For the ANC, judgment passed by Chris Nicholson was an opportunity to put a matter against Jacob Zuma to rest. It is widely reported that the decision by the NPA to lodge an application to appeal and consequently by Cabinet to seek legal advice on inferences made in the judgment, were the last straw for the ANC; that it was these two critical decisions that led to the ousting of President Mbeki from office. I think this is utter nonsense. I believe the decision to fire President Mbeki had already been taken by the national working committee before the NPA and Cabinet announced their intentions.
Talk 702’s Eyewitness News has reported that President Mbeki, on Monday following his televised farewell speech, lodged papers at the Constitutional Court on an urgent basis asking to be part of an application for leave to appeal Judge Nicholson’s ruling on the lawfulness of corruption charges brought against Jacob Zuma. It is reported that President Mbeki will be making this application both in his personal capacity and as state president.
According to Talk 702, the president feels that Judge Chris Nicholson made certain findings against him without hearing his side of the case and also believes that some of the findings that relate directly to his conduct could not have been reached on the facts that were available to Nicholson.
What the ANC told us, was that its decision was inspired by the need to unite the country and provide stability following protracted battles of Jacob Zuma with the courts; that the decision to fire President Mbeki was in the interest of the country and party unity. By this logic, the decision by President Mbeki to clear his name is intended to further widen the rift within the ANC and plant the seed of instability in the country. This would suggest that the protracted battle between the NPA and Jacob Zuma, if the Constitutional Court dismisses allegations of a political conspiracy as rubbish, would continue well into Zuma’s presidency.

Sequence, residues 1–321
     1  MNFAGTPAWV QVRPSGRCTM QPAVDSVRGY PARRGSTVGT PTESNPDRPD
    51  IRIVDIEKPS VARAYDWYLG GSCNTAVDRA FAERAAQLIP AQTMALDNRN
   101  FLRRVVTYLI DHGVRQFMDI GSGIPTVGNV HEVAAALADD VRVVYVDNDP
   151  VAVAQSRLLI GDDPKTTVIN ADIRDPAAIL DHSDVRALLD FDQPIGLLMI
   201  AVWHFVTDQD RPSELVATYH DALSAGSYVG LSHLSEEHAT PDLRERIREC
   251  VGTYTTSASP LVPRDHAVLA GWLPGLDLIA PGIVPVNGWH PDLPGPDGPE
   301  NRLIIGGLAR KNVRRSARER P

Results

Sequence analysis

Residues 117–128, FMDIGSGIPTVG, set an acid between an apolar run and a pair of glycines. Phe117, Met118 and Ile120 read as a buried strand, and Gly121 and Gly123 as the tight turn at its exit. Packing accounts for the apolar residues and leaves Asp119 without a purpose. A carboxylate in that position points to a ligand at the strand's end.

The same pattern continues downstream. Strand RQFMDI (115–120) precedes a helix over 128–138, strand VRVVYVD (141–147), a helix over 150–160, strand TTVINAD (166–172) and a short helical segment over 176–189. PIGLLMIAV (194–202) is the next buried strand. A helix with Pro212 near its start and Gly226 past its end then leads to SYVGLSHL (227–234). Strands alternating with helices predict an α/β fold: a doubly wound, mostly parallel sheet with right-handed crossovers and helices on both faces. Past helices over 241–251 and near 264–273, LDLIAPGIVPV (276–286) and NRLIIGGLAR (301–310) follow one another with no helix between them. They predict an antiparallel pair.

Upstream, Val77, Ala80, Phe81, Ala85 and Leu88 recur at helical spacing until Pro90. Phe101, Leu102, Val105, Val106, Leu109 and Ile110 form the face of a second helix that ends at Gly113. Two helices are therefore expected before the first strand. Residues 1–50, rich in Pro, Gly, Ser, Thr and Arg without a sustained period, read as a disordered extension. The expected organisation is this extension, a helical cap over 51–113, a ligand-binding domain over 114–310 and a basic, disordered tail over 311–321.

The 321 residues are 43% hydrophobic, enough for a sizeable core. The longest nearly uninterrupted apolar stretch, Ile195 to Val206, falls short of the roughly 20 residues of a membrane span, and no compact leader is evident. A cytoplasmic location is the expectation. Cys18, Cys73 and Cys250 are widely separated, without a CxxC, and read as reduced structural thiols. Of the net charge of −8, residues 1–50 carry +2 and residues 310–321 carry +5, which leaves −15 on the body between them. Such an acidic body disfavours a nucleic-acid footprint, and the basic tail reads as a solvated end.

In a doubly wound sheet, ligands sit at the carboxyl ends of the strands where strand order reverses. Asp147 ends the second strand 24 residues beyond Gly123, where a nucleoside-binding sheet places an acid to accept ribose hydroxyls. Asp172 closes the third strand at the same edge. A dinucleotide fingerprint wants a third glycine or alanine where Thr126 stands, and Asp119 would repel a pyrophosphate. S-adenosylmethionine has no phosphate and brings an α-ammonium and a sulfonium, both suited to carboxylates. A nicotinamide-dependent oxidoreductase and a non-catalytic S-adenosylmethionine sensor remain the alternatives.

It is not certain when the matter before the Constitutional Court would be heard if leave to appeal is granted, but the possibility of Kgalema Motlanthe now going to be sworn in as president of the country may result in unintended consequences by those loyal supporters of Jacob Zuma who want to see him ascend to power. The choice of Kgalema Motlanthe as president of the Republic post 2009 general elections would be good for the country. He appears to be the sole voice of reason and more conciliatory than the rest of the top six members of the national executive committee of the ANC.
Leave to appeal may not be granted, but if it is granted and the Nicholson judgment is overturned, the ANC strategists may have to go back to the drawing board in another attempt for Jacob Zuma to escape the long-arm of the law. The procedural matter relating to the charges against Zuma is a complicated and certainty of the NPA winning its appeal is not guaranteed, but President Mbeki may have a case on baseless inferences of political conspiracy.
It is important for the ANC to respect the decision of President Mbeki to appeal the judgment and clear his name, as Jacob Zuma had been accorded his full constitutional rights to appeal every action by the NPA. In the same manner that Jacob Zuma should appear before the courts to clear his name, President Mbeki should be allowed to do the same. Both men face serious allegations and if left untested before the courts, their reputations would suffer irreversible damage.
President Mbeki warned against turning “triumphalist because the sun shines”. His detractors in the national executive committee should rather keep the champagne on ice before they begin to gloat. In the words of Archbishop Desmond Tutu, “… our country deserves better …”
Interesting political times ahead of us!